Those Who Leave and Those Who Stay

I needed a couple of breaks to make my way through this, the third volume of Elena Ferrante's Neapolitan novels. As usual, I found the first fifty pages hard going, but then it was a race to the finish.

The two friends, Lena and Lina, are now adults, negotiating relationships, children and careers. At the beginning of the novel, life is looking rosy for the narrator, Lena, whose book is a success and who is about to marry into a distinguished academic family. It seems she has escaped the old neighborhood with its deep-rooted, sordid power struggles. In contrast, her friend Lina seems to have made all the wrong choices -- she's run away from her husband after a failed affair, working in terrible conditions in a sausage factory, supported by a childhood friend, Enzo, whom she does not love.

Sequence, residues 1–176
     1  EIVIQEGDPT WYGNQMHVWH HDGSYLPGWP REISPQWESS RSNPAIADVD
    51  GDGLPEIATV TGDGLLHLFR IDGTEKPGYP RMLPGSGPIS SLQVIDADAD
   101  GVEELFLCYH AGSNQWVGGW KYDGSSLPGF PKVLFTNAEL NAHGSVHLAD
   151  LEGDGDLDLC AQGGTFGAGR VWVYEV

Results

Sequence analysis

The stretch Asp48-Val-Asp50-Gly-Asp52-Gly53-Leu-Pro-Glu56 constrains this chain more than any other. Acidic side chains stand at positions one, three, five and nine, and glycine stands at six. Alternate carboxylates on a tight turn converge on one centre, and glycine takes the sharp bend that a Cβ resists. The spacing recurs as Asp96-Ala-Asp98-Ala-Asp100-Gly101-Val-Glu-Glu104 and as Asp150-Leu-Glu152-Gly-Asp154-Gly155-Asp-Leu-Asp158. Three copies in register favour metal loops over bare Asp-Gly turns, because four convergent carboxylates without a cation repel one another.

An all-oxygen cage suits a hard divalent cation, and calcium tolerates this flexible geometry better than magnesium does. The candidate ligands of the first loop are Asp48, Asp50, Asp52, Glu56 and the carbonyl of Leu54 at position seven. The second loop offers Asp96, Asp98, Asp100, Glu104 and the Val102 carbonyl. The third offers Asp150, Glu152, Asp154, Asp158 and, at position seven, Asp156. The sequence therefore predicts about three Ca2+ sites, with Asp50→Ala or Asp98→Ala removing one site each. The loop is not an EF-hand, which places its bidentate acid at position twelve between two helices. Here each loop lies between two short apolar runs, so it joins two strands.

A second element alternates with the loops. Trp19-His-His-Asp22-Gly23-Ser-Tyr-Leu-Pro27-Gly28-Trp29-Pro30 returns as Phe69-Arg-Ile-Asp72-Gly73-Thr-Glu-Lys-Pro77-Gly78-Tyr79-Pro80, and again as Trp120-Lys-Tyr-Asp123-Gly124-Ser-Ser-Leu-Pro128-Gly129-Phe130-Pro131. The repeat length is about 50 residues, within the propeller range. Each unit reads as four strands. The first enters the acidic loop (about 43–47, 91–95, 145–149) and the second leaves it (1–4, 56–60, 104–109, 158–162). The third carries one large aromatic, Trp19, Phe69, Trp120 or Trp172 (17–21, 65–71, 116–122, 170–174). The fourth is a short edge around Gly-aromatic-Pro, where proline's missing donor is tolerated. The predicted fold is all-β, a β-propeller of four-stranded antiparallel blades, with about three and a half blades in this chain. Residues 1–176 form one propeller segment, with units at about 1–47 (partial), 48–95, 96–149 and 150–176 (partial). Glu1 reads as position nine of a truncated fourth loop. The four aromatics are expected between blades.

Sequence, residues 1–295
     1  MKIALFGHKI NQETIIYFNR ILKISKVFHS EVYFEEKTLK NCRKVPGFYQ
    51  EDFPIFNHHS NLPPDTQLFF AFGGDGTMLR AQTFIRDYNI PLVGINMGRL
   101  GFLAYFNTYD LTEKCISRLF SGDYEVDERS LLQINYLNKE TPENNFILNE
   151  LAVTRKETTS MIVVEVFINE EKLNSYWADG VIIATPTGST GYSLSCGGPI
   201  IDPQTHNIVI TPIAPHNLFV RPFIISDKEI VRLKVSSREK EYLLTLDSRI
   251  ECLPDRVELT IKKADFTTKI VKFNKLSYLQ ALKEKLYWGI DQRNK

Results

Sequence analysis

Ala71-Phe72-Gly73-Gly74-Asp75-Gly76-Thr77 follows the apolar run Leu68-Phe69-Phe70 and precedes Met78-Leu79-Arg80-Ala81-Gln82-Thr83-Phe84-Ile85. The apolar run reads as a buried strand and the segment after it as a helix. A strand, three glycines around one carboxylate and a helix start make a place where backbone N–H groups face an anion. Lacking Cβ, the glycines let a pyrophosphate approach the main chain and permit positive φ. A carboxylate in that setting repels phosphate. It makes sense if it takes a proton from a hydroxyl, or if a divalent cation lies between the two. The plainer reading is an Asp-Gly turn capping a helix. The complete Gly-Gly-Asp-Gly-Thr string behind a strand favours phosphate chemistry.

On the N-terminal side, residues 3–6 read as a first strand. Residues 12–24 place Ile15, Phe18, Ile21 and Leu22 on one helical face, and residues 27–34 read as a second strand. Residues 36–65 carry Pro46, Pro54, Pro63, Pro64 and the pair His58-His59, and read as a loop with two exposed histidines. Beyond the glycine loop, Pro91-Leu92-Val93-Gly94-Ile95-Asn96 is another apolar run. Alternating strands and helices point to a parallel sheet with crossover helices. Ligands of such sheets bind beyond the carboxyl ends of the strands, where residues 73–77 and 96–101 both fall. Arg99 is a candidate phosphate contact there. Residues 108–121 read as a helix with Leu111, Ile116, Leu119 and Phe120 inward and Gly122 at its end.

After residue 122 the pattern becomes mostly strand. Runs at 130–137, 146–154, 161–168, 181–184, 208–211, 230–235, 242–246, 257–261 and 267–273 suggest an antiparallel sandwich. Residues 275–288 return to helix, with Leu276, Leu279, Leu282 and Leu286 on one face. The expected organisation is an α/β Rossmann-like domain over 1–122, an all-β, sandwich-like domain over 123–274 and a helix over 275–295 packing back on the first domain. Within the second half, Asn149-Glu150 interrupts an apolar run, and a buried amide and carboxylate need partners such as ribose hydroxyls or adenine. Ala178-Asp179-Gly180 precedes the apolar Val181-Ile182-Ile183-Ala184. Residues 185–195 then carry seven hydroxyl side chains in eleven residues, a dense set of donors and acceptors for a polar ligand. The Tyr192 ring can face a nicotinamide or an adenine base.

But soon enough the scales begin to tilt the other way. Lena finds herself suffocating in domesticity, her brief moment of fame snuffed out, while Lina and Enzo are successful early experts in computers. The neighborhood reaches out its tentacles around both of them as Lina decides to work for the shady Solara brothers and Lena's first unrequited love, Nino reappears to throw her life into chaos...

While My Brilliant Friend was confined to the handful of streets that comprised 'the neighborhood,'
The Story of a New Name broadened the canvas to include the whole of Naples. Those Who Stay and Those Who Leave widens the focus still further as Lena moves to Florence, and the characters are engulfed in the conflicts of 1970s Italian politics, battles between fascists and communists, the elite, the criminal classes and the workers. Fittingly, the book ends with Lena aboard an aeroplane for the first time, heading for France -- will the final volume moe out of Italy to encompass other countries?

I'm going to the library today to pick up The Story of the Lost Child, so I'll soon find out.

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